But, by then, I had actually already developed my own approach to hot chocolate, one that I like even better.  It is a cup of chocolate that balances the richness of the dark chocolate with the refreshing bitterness of some cocoa powder and sets the flavor off with just a hint of salt and vanilla.  I discovered it during the year after I came back from France and lived with one of my best friends, who has similar feelings about hot chocolate with whipped cream as I do.  We made it very nearly every single night, sometimes laced with a touch of schnapps to really warm us up.  And when you make something several hundred times in a row, well I’d say you’re pretty much bound to come up with a formula that gives you exactly what you want.  This is a perfect cup of chocolate for when you come tumbling inside after skiing or sledding or playing in the snow.  It will warm you up and relax you on a chilly evening or make a satisfying and elegant dessert.

Hot chocolate with whipped cream (serves 2-4 depending on how large of cups you want to have)

  • 2 tablespoons good quality unsweetened cocoa powder
  • 2 tablespoons sugar
  • 1/2 teaspoon vanilla extract (or you can make vanilla sugar by keeping a vanilla bean in some sugar and then just use that instead and omit the extract)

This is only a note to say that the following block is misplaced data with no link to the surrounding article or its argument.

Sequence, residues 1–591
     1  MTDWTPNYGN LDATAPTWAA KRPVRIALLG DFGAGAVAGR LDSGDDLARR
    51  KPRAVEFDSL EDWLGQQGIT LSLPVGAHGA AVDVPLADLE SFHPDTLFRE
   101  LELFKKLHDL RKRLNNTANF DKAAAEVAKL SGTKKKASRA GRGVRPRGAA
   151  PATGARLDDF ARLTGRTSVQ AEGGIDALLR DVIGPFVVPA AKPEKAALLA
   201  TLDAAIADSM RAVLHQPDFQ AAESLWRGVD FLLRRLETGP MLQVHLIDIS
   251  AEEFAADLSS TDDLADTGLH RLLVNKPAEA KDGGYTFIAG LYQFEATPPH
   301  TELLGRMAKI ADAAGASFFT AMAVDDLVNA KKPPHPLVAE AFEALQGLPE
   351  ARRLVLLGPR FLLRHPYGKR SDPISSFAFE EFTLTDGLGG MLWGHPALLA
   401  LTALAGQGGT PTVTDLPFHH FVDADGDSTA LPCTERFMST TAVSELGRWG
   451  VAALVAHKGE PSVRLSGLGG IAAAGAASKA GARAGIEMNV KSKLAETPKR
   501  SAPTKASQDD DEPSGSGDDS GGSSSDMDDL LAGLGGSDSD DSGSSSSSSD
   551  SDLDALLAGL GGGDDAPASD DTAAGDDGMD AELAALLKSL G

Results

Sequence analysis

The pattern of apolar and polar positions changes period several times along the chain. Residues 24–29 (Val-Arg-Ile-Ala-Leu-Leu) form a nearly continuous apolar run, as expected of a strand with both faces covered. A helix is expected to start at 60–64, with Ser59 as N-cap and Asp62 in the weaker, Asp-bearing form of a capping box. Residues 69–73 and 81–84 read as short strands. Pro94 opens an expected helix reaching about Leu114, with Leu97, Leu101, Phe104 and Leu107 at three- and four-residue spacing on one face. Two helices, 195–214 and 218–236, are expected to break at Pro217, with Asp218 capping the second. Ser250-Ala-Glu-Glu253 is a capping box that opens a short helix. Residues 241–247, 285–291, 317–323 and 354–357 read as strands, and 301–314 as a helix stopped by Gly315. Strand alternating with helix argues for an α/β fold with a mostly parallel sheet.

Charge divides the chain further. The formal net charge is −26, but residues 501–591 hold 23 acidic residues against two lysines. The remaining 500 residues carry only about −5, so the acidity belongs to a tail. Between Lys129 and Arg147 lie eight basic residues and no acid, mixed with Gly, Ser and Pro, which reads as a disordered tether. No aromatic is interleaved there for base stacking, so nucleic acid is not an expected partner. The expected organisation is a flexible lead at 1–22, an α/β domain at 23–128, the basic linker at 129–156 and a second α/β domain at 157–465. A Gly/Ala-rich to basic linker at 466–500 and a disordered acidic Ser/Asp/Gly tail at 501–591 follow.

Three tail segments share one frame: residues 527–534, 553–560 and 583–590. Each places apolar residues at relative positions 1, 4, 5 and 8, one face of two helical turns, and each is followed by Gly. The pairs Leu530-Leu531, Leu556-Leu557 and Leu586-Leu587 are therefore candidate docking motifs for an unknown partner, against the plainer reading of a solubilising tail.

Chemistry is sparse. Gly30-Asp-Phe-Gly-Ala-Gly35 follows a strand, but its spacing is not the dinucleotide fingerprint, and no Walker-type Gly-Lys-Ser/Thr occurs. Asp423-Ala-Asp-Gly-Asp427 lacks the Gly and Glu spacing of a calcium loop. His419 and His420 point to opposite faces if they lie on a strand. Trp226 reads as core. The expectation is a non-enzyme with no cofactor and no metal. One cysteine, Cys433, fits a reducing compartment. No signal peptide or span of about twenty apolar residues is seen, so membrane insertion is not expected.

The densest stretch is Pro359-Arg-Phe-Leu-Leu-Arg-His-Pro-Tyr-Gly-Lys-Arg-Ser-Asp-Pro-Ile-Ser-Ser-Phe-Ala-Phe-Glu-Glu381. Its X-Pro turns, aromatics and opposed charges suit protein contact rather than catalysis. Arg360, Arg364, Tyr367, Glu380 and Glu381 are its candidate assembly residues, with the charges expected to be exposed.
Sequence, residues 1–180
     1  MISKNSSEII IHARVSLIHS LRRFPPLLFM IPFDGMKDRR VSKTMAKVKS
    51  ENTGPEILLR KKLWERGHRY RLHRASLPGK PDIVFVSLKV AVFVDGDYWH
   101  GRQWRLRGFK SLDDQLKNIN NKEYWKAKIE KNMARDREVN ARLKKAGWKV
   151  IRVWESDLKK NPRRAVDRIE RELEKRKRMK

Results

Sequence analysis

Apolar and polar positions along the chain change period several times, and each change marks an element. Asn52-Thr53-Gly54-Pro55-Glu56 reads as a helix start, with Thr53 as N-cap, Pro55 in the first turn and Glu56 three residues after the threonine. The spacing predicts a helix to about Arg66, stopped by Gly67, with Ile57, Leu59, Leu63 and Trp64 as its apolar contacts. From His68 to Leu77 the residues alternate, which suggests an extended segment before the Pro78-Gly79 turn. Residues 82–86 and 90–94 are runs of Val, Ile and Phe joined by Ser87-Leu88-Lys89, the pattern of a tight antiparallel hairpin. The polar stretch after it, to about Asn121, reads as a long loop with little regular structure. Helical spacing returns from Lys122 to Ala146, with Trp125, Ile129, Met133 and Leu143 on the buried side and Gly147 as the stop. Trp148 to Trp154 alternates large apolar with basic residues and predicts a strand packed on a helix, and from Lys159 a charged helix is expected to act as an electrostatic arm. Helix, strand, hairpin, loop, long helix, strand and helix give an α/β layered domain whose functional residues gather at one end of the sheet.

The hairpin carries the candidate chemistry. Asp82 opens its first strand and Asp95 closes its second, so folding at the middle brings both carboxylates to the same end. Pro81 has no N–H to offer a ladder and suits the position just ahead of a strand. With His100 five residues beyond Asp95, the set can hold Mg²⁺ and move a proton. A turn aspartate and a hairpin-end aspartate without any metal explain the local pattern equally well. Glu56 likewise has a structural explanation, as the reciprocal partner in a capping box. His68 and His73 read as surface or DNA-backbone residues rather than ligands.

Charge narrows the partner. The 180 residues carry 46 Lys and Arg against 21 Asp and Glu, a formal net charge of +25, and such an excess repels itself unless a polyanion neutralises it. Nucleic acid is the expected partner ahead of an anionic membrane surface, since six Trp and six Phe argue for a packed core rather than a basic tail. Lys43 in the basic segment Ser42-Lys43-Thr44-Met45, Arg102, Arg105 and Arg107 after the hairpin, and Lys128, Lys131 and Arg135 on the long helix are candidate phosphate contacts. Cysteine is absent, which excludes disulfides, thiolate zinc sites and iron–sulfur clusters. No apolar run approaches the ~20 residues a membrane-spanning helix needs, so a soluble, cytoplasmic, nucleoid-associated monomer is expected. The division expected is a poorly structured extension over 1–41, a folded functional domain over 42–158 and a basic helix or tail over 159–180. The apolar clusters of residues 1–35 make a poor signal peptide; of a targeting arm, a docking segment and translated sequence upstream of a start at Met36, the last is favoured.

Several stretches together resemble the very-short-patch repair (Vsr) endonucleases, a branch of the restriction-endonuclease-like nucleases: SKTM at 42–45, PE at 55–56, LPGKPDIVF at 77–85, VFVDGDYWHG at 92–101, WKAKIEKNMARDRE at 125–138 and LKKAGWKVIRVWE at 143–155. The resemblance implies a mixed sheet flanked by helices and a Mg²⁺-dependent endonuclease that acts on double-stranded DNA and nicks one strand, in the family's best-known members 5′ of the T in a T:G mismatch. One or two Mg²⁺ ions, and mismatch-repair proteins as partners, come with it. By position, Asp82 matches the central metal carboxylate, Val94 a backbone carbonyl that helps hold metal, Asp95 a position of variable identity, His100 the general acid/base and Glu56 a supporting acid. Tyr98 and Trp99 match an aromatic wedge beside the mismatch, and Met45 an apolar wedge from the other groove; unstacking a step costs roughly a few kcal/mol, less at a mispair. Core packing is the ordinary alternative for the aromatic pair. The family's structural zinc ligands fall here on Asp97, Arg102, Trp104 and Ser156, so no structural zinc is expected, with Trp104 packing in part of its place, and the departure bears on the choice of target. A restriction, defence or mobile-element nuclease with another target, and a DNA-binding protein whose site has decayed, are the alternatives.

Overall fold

• pinches (a small one) salt (preferably fine sea salt as regular salt can have a slightly abrasive flavor)
  • 2 tablespoons finely chopped good dark chocolate (65-70% cocoa solids, at least)
  • 2 cups whole milk
  • a splash of cognac or peppermint schnapps or your choice of liqueur, if desired
  1. In a saucepan (with the heat turned off), combine the cocoa powder, sugar, vanilla, salt, and chopped chocolate. Whisk in a few Tablespoons of the milk to make a paste. Whisk in a bit more to make a thinner paste. Then, turn the heat to medium. And cook, stirring, for a couple of minutes until it begins to warm.
  2. Whisk in the rest of the milk and as it heats, keep whisking to blend the chocolate shavings in as they fully melt. Heat the hot chocolate until it is steaming and is hot to the touch (I just stick my finger in there because I don’t own a thermometer and I figure it’s not going to hurt anyone) but not yet simmering. You don’t want it to bubble.
  3. Pour the hot chocolate into mugs (and add a splash of booze if the mood strikes you – I do love vacation!), stir, and top each mug with a nice dollop of sweetened whipped cream (see below). Garnish with some chocolate shavings, if desired, then relax and enjoy!

Whipped cream

  • 1/2 cup heavy whipping cream
  • 1 tablespoon sugar
  • 1/2 tsp. vanilla extract
  • 1 tablespoon cognac, if desired